Jim Osborne was born in 1879, the son of Irish immigrants who had settled in the mining town of Walhalla. His was a traditional upbringing of the time, numerous siblings and attending school. Through his teenage years he enjoyed the local cricket ground, playing both cricket and football. Jim saw the introduction of electricity and the telephone in his formative years. Reaching employment age, he went to work as a battery hand at the mine in Walhalla.
Ellen Osborne, Jim’s sister married William Keating from “Fairwood Park”, Beaconsfield. The family had experienced sadness with the loss of a sibling but the death of Ellen’s husband at Beaconsfield was life changing for Jim.
For him responsibility and duty called, he moved to Beaconsfield in support of his pregnant sister to manage the property she now owned, “Fairwood Park”. Jim went on to grow crops and assist his sister, immersing himself in the Beaconsfield community.
On Friday 28 July 1915 duty called again, Jim set off to Melbourne to enlist for World War One; as described the fresh faced, blue eyed, dark hair, physically fit man was accepted, and returned to Beaconsfield that day to farewell his family and friends.
The following article describes Sunday 2 August 1915:
“The accommodation of the Beaconsfield station was taxed on Sunday evening last, when the relatives, sweethearts and friends of “our recruits” assembled to give the boys an encouraging farewell on the occasion of their going into camp. The recruits who left were Messrs Arthur Bragg, Jim Osborne, Alec May, James Rix, Leslie Paternoster and John Tucker. Other recruits are already in camp. Mr Ray Thompson delivered a short address and on behalf of Mrs Paternoster, presented each soldier with a flag. The recruits were greeted with musical honours sung with zest and feeling and this was followed by the hearty singing of the National Anthem. Touching scenes marked the fare-wells, but one could not feel but impressed by the spirit of noble, unselfish devotion that dominated all present. Hearty cheers were raised as the train moved out, and hats, flags and handkerchiefs were waved until the train was out of sight”.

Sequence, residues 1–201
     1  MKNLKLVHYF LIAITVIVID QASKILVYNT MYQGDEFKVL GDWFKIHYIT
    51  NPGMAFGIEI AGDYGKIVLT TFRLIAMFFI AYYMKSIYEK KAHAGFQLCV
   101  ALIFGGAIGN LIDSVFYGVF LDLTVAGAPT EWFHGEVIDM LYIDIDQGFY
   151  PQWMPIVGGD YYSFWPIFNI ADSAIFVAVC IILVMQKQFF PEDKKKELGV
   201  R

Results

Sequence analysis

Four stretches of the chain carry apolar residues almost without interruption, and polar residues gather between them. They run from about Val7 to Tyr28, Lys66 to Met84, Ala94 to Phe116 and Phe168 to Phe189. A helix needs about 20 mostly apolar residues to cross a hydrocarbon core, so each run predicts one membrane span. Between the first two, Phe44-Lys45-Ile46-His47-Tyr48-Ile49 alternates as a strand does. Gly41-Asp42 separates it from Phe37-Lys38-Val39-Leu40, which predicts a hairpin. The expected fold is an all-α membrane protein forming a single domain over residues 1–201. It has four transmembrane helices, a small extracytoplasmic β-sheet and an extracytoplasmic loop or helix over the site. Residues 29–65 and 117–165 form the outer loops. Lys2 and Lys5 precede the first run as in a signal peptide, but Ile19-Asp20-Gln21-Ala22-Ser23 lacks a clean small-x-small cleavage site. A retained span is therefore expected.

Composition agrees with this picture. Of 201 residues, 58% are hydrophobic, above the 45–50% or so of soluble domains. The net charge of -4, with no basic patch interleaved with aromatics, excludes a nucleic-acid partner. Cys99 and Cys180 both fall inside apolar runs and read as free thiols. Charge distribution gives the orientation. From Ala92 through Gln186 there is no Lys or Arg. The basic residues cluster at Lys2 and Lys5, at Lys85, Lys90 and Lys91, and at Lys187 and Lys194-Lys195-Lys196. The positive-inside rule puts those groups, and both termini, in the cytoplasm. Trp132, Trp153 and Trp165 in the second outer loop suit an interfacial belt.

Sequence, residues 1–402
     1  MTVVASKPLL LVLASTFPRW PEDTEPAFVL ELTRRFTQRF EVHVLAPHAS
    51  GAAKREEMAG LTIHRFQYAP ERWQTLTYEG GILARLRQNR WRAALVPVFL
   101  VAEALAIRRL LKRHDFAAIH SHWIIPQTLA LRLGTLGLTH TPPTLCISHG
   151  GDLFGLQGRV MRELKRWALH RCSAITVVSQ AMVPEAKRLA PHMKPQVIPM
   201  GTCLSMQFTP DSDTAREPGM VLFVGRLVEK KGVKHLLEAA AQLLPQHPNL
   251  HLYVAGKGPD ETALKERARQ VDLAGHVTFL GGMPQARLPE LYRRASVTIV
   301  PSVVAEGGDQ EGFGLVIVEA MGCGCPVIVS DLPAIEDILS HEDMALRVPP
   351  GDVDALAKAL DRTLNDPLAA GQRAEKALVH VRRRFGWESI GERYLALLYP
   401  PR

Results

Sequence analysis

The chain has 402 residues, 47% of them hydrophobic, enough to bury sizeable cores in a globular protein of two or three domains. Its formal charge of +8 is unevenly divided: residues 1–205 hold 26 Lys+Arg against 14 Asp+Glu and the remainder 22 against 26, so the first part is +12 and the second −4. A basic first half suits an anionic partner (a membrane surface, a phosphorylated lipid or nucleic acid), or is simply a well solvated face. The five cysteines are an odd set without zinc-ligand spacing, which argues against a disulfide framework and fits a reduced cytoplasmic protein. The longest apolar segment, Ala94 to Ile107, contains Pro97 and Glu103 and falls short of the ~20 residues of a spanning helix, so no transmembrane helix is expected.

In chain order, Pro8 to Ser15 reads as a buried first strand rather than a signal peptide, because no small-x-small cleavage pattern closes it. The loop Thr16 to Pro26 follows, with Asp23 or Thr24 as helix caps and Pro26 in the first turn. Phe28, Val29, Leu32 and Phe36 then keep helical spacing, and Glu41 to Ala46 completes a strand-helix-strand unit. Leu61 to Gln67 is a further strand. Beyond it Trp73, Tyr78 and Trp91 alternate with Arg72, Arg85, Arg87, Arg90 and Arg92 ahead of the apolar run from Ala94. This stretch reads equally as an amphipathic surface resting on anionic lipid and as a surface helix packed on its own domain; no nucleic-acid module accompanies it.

As we stand here today we can all imagine the heartache and overwhelming sadness the families of Beaconsfield felt waving good bye to their young men some of which were never to return.
On the 19 August 1916 “in the field”, James Patrick Osborne, Service Number 2733, Rank Private, from the 24th Infantry Battalion 1 to 8 Reinforcements was killed in action close to the frontline in Northern France.
Jim was never to return to his life in Beaconsfield, he paid the ultimate price, a man of commitment and duty forever loyal to his family and to his country; Australia.
Researched, written and compiled by Penny Harris Jennings